Shaila and the IMSB sangha have kindly invited me to be the resident teacher here for a couple of weeks, for which I am both grateful and honoured – both to the individuals and also to the dharma itself, expressed through all of us, which has opened this new door to serve and engage with it.

So here I am again. Visiting this area of the world after a gap of nearly 45 years. And the last time I was here 1966 or 7, it was a time of great creativity and wonder and transformation, and it left an indelible question in my mind which has been with me since that time – the life that I see through my sense doors is not the whole story. It is subject to a subject, constructed by a person and a brain. An hypothesis and no more. So what is beyond? In all the years the question has stayed but the way I ask it has changed radically. It is no more something that I struggle with, a question as such. But it has become a royal road to travel on, – the dharma.The dharma teachings are all about this, expressed as a life teaching of inconceivable wisdom and depth. And one of the precious aspects of the dharma is the way in which the teachings are expressed as a guidance to a wise and joyful and beneficial life, as an opening to wisdom, but without losing site of that ultimate question – what is revealed through awakening.

I decided to teach the paramis during this visit as they are very much a theme for all of us as householders. They are a life practice that we apply to all moments of our daily life. They are what makes our work in an office into a day of practice and our home a retreat center. My life in israel is very much that of a householder, a kind of ‘married monk’. I plant and tend the vegetable garden, I walk a lot through the wild thorny land of Galilee, I fix broken things, I travel all over teaching and meeting people in the large Israel sangha, and I play a lot with my grandhildren. And there is the quiet sitting in the mornings. And the paramis shift the view from activity as a burden, to activity as a play of qualities, expressed in the inner life and the outer life simultaneously.We can all feel how the parami of generosity creates the joy of giving and receiving, the parami of renunciation lets go of the pressure from what I need or don’t need, the parami of aspiration keeps the path in mind, the parami of meditation creates space even in the midst of speaking, and so on.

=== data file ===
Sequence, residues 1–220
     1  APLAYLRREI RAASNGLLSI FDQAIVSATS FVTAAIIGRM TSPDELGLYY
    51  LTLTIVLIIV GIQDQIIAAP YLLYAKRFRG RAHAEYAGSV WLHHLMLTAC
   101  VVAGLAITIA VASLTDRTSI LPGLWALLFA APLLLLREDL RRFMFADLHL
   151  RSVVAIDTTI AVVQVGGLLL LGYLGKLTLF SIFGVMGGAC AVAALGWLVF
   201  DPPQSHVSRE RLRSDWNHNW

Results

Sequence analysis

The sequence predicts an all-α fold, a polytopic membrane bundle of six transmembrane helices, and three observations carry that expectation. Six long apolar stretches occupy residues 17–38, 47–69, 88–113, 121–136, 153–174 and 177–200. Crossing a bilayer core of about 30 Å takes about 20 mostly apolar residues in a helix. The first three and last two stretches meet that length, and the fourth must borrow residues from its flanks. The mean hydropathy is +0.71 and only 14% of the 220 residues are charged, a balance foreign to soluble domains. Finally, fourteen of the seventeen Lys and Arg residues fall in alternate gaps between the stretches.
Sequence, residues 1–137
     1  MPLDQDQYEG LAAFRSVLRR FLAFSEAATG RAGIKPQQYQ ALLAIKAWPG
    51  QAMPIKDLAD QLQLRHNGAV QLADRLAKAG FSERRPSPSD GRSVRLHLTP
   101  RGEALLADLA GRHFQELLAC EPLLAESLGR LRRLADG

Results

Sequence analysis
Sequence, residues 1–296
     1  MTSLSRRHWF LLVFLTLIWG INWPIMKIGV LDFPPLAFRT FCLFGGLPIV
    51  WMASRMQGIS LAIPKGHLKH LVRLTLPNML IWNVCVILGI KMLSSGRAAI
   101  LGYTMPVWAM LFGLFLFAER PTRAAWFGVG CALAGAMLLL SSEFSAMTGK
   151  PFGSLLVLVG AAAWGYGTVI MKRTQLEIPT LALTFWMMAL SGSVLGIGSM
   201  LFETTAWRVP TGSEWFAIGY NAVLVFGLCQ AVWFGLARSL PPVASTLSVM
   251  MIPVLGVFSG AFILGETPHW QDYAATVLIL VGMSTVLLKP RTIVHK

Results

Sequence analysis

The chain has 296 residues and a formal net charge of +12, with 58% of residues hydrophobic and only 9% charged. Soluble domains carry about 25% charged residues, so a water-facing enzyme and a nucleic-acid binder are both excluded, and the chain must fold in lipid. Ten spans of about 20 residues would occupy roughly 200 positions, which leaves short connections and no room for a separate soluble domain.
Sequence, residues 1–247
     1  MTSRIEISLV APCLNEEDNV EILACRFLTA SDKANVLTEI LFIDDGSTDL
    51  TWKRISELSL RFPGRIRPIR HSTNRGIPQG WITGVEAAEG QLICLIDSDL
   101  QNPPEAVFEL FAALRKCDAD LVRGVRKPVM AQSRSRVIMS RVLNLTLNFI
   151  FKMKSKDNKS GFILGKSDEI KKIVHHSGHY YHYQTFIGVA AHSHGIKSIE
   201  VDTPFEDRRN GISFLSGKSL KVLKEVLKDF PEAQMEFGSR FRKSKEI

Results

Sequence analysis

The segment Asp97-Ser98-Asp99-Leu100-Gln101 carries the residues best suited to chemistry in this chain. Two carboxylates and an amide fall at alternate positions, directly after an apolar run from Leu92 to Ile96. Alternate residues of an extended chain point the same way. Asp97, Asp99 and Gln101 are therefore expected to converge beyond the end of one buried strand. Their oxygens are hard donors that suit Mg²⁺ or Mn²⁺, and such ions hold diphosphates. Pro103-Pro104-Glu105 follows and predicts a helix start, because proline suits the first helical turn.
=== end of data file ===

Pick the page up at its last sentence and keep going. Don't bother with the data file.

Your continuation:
But the paramis are not just life guides – they are ‘perfections’, and in that they dont lose sight of that ultimate question which hovers around our spiritual journey. The Buddhas teaching always invites us to develop capacities to face this question in a deeper and deeper way. The teachings point us to settling down into a life of meaning in which this question becomes a fountain not a muddy pool. The paramis invite us closer and closer by shifting the way we look at life, and we realise that we cannot expect answers, we can expect to ask the question at a deeper and deeper level.

So I would invite us all, to have the ultimate question running as a ‘program in background’ to use a computer analogy. We practice in the foreground a period of meditative silence, a generous giving, a moment of letting go, an intention or commitment, and just the joy of life, but lets keep the ultimate  running in background – there is something far deeper and vaster that is inviting us.